Reading : Psalm 23; Psalm 139 verses 8 – 10
“Familiarity breeds contempt” – it’s true, as many of us know to our cost. Familiarity can convert something so that it becomes almost meaningless. That is the danger of Psalm 23 – the Shepherd’s Psalm – and possibly the reason why in the latter years of my active pastoral ministry I had to force myself to choose it to be sung at a funeral service, or when some other occasion demanded it as a matter of tradition. Another reason for its over-use: it was possibly the only hymn with which a good number of folk, not associated with church, were familiar. Many times the choice was left to me to choose for those families, and almost inevitably I took the easy way out: The Lord’s my shepherd. (Tune: Crimond). I understand it is a different scenario today. Post-Billy Graham’s crusades the song, How great Thou art may have supplanted the 23rd Psalm and similar hymns and songs. Depending on where you live, the “Anfield Anthem”, You’ll never walk alone, could be the one to demonstrate the modern trend. One thing is for certain, choose those two (for example) and the presiding minister is assured that theirs is not the only voice to be heard singing!
Why did I force myself? Why not forget it, leave the Psalm in retirement between the covers of the Hymn Book? Use something not so well-known, something that would serve the purpose equally?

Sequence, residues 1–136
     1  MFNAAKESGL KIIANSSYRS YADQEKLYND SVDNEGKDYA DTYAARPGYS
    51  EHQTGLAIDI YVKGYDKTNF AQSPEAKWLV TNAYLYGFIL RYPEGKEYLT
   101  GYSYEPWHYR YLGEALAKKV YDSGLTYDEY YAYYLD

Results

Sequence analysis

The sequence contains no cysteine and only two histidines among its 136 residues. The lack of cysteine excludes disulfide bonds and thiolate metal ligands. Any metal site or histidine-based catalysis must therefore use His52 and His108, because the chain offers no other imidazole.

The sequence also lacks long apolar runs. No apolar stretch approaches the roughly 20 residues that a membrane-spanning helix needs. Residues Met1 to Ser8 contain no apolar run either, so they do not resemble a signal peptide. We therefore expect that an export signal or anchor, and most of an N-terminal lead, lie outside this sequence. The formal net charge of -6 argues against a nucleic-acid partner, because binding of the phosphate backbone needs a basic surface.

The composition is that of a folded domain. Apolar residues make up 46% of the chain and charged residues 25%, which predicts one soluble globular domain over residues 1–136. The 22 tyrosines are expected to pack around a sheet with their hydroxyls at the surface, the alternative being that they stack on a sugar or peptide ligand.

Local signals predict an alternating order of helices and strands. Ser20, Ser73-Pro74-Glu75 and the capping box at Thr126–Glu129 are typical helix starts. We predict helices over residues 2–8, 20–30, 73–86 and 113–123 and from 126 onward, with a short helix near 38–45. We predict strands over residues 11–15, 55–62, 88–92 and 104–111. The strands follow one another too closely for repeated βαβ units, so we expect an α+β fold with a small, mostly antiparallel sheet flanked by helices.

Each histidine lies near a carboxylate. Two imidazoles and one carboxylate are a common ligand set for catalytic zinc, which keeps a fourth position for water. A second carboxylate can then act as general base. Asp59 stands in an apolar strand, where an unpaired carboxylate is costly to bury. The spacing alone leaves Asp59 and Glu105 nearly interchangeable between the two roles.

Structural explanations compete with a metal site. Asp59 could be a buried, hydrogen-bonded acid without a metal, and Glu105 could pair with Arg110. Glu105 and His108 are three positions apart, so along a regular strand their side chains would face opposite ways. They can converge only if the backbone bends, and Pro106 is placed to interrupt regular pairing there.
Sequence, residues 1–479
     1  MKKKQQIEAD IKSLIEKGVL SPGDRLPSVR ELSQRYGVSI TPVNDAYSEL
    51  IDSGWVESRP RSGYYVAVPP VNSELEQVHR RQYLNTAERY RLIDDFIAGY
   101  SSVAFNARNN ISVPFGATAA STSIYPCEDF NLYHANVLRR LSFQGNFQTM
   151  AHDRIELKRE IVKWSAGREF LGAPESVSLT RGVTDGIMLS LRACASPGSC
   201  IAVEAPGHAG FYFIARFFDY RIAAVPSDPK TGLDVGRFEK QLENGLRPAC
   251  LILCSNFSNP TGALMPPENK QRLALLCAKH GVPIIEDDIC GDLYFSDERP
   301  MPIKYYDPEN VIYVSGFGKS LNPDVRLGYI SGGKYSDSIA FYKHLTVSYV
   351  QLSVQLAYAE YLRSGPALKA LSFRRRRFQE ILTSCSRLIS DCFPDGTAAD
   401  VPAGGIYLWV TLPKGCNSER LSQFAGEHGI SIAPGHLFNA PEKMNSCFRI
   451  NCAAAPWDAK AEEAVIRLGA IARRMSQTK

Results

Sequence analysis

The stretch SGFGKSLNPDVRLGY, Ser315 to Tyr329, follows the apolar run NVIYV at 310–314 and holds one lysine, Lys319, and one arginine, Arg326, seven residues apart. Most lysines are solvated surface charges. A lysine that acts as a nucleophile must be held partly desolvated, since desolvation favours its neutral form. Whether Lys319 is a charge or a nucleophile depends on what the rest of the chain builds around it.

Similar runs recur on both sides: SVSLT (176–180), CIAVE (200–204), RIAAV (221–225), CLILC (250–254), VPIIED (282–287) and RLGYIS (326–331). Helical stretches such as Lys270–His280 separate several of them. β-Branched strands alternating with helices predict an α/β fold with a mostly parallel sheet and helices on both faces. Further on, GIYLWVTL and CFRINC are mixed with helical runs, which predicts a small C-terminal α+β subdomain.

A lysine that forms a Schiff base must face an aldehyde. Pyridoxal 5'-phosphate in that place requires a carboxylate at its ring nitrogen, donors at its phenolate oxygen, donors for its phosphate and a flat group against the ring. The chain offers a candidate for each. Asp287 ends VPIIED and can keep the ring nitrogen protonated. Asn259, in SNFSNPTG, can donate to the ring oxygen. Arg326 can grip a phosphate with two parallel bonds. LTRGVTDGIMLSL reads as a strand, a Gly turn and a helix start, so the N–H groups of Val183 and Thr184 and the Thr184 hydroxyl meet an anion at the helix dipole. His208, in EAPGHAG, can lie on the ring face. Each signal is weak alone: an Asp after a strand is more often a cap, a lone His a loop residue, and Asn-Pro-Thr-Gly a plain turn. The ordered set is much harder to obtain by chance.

Why? Because I believe it still to be a great psalm, misunderstood, misinterpreted, maybe – but a great psalm. A quotation to support my claim – “Depth and strength underlie the simplicity of this psalm. Its peace is not escape; its contentment is not complacency; there is a readiness to face deep darkness and imminent attack, and the climax reveals a love which homes towards no material goal but to the Lord Himself.” ( Derek Kidner.)
Alongside this psalm stands another I find equally helpful: Psalm 139, especially verse 8: “If I make my bed in Sheol (world of the dead; perhaps – paradise) you would be there.” The corresponding verse in the Shepherd Psalm reads “Even though I walk through the valley of the shadow of death, I fear no evil, for you are with me.” Move on to verse 10 and Kidner says, “Verse 10 appreciates that God’s long arm is moved by love alone.” The two verses complement one another. The Psalmist is speaking of overcoming the worst that anyone may experience, not only death but hell.
Hell is not confined to the land of the departed!